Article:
I would usually be finished with my “business” by the afternoon. As soon as that moment came, I would stroll the whole circle around the castle once or twice with the gentlemanly hauteur of the idle do-nothing, enjoying the freedom and laziness I felt such a talent for in those days. Oh, if I’m ever going to accomplish anything in life (but is that really as very necessary as everyone’s always telling me?)—if I am, I will have to work so hard, so bitterly, that surely I can now enjoy the gift of these few free day …
Then I would saunter off through the city and the park outside town, and up some hill to a high, fragrant summer meadow or dim, secret corner of the woods. The squirrels racing like lightning, the tumbling butterflies—I hadn’t looked at them with so much idle abandonment since I was a boy. I would swim in a brook, or at least splash water on my warm head. Then, in some hidden spot, I would take out a little notebook of graph paper and write in it with my sharpest pencil things I was ashamed of, but which nonetheless made me unbelievably happy, even proud. Presumably my poetry from then was worthless, and I’d probably laugh if I saw any of it again today … No, I wouldn’t laugh. Definitely not. But I wish I could ever be as crazily silly, giddy, and deeply happy again when I was writing or, indeed, doing anything.
And so evening would come, and I’d walk back into town. I would pick a rose in the park and carry it in my hand, for how easily it might happen that I would find myself in a situation where one wants to have a rose in one’s hand. For instance, if I ran into Kiderlen the carpenter’s daughter on the market corner at a propitious moment, and I doffed my hat, and maybe she didn’t just nod but let a conversation spring up, would I have any qualms about offering her that rose with some suitable words? Or maybe it might be Martha, the niece and waitress at the Eagle—it was because of her that they had renamed the Black Eagle Inn as the Blond. She always looked down on me so. But maybe she wasn’t really like that.
Lost in such thoughts, I would enter the city and walk back and forth through the few little streets, inviting Chance to show its face, before returning to the Eagle. As I walked up to the door of the inn I would stick my rose in my buttonhole and then enter, and politely order ham with mustard or a ham hock or ribs with cabbage and a Vaihinger beer to go with it.
I would page back through my little book of verses until the food came, quickly putting a line in the margin or a question mark or crossing something out here and there, and then I would eat and drink and take the older, more elegant gentlemen among the regulars as my model for proper conversation and conduct. It sometimes happened that the innkeeper, husband or wife, would do more than wish me bon appétit, they would sit down across from me for a bit and start a conversation. I would answer their questions, affable but modest, and I could occasionally manage to offer a pithy saying, a political opinion, a joke.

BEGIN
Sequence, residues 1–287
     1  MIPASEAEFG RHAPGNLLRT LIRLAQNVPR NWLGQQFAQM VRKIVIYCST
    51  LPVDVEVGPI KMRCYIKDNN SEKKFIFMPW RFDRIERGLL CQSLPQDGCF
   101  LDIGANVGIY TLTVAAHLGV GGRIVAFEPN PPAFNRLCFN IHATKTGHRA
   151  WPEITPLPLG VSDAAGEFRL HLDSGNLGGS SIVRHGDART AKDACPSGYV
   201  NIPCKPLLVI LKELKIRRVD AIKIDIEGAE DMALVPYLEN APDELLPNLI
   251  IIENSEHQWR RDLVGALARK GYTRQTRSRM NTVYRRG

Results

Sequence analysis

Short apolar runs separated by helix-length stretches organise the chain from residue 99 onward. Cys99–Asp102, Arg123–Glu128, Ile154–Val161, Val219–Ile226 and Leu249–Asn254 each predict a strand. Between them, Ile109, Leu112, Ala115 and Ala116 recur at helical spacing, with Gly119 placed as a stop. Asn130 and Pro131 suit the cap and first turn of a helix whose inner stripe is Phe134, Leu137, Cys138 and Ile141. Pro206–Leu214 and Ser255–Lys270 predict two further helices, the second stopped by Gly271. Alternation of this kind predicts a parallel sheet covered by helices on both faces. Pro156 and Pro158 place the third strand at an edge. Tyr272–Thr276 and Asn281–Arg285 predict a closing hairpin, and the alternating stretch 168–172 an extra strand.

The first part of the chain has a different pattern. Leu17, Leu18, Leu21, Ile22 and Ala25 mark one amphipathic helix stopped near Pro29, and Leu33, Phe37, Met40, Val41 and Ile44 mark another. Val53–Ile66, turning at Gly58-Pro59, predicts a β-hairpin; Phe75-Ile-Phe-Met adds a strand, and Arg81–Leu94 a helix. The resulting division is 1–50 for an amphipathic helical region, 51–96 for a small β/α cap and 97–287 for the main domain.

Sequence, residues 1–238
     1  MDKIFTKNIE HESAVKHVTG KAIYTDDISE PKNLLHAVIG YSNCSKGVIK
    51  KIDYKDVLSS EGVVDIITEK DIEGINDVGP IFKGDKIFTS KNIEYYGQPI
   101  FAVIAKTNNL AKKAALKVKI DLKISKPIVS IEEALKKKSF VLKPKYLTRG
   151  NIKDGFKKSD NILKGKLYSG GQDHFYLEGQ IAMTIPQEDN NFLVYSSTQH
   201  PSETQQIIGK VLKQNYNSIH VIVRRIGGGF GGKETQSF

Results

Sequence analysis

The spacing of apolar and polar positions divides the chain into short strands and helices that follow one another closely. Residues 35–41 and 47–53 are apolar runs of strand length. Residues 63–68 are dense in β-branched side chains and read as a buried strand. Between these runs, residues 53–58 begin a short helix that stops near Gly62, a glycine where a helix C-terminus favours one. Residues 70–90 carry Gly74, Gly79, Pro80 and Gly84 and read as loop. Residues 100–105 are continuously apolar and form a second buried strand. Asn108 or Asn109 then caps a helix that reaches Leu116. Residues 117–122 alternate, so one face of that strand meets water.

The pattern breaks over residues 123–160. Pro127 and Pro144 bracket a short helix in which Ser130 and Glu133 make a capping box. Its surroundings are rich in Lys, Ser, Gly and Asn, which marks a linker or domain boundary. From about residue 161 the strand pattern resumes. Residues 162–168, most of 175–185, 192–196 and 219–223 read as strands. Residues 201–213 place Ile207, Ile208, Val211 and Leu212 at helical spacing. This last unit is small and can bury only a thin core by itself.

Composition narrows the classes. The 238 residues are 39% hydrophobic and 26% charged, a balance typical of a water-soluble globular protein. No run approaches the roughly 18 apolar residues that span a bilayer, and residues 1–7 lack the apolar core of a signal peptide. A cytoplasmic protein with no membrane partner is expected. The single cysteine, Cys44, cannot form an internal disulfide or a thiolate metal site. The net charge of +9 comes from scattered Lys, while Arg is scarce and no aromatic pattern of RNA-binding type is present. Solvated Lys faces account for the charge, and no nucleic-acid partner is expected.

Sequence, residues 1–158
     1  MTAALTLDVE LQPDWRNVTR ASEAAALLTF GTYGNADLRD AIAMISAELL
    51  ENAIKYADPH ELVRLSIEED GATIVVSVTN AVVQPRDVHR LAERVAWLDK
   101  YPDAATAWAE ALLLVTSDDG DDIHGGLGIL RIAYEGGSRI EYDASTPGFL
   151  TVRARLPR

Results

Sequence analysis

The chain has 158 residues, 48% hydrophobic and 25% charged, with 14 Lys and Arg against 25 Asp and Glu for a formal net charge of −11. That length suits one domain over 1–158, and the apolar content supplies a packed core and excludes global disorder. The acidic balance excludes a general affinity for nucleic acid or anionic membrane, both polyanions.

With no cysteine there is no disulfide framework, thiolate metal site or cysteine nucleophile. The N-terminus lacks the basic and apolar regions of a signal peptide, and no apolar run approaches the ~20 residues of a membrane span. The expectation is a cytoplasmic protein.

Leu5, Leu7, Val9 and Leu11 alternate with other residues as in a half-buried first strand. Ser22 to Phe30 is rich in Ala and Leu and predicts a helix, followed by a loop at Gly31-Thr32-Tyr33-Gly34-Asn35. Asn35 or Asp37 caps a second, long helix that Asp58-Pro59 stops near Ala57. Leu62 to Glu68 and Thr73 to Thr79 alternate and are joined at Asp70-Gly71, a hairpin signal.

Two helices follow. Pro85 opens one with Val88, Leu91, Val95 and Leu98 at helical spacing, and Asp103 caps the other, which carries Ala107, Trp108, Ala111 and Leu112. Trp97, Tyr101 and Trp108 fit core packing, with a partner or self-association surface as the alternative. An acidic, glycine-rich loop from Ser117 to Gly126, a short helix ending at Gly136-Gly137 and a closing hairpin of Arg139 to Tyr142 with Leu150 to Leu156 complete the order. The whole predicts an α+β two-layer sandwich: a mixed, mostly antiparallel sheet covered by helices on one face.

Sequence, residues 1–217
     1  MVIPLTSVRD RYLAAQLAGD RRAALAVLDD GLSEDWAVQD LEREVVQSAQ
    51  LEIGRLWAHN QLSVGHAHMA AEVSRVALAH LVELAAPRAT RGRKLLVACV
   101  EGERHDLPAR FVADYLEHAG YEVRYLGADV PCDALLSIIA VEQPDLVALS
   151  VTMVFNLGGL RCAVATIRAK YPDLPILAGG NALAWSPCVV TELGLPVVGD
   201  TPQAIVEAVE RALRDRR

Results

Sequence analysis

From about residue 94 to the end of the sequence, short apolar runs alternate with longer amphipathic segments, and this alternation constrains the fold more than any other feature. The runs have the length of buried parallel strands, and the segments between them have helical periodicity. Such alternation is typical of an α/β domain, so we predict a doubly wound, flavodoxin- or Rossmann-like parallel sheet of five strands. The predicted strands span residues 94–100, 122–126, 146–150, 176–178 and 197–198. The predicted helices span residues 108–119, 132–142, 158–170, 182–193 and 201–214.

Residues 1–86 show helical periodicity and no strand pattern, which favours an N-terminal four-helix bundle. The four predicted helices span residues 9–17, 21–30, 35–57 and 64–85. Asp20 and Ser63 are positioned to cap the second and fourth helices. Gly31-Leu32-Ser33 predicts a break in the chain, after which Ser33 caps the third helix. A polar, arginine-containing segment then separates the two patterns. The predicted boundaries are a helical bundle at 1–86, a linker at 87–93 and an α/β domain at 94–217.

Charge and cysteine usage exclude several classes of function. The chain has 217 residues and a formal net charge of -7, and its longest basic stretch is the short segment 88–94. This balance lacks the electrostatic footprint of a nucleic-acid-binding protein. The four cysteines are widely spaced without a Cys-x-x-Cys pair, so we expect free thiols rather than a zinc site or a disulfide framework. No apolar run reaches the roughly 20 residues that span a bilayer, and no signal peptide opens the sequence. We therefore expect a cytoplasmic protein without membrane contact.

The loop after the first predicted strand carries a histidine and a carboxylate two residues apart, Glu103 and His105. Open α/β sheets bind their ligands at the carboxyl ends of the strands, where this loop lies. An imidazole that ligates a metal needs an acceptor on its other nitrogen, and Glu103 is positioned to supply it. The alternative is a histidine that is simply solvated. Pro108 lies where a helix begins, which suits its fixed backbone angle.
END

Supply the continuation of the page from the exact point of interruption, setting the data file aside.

Finally I would pay for my dinner, take a bottle of lager with me, and go upstairs to my room. The mosquitoes would be whirring busily. I would have to stick my beer in the washbasin’s water to keep it cool.
Then came those strange evening hours. I sat on the windowsill, alone, and half-consciously felt how beautiful the summer night was, and the slight mugginess, and the ghostly pale beacons of the chestnut’s white blossoms, like large candles. Then, anxious and melancholy, I would see the couples walking in the dark under the great trees, slowly, pressed up against each other, and I would sadly take my rose from its buttonhole and throw it out the window onto the slightly dusty, shimmering white road for carriages and guests from the inn and lovers to trample.
Have I promised to tell you a story here? No, I promised nothing of the sort, nor do I want to tell any stories. You can tell a story about getting engaged or breaking your leg. I want only to hear the song of those summer nights once more—it is dearer to me than all the songs of Avalon put together. I want only to call back to mind the old city, and the castle, and the moat, so I don’t forget them forever. I want only to think about those chestnut trees for a little while, after all these years, and about my little poetry notebook, and all of that, because it will never return.
But it does seem unbelievable that I only spent seven days and nights there. It feels like I took at least a hundred walks up to the woods, broke off at least a hundred roses, planned to give at least a hundred roses on a hundred evenings to the pretty girls in the chestnut-tree city and then gloomily threw them out onto the darkening street later, when no one wanted them. Of course I’d stolen those roses, but who would have known that? Not Kiderlen the carpenter’s daughter, not blond Martha, and if one of them had wanted that stolen rose from me, I would have gladly bought a hundred more to give her.
This essay, originally written in 1904, is an excerpt from Trees: An Anthology of Writings and Paintings by Hermann Hesse, edited by Volker Michels, and translated by Damion Searls. The anthology will be published by Kales Press in May.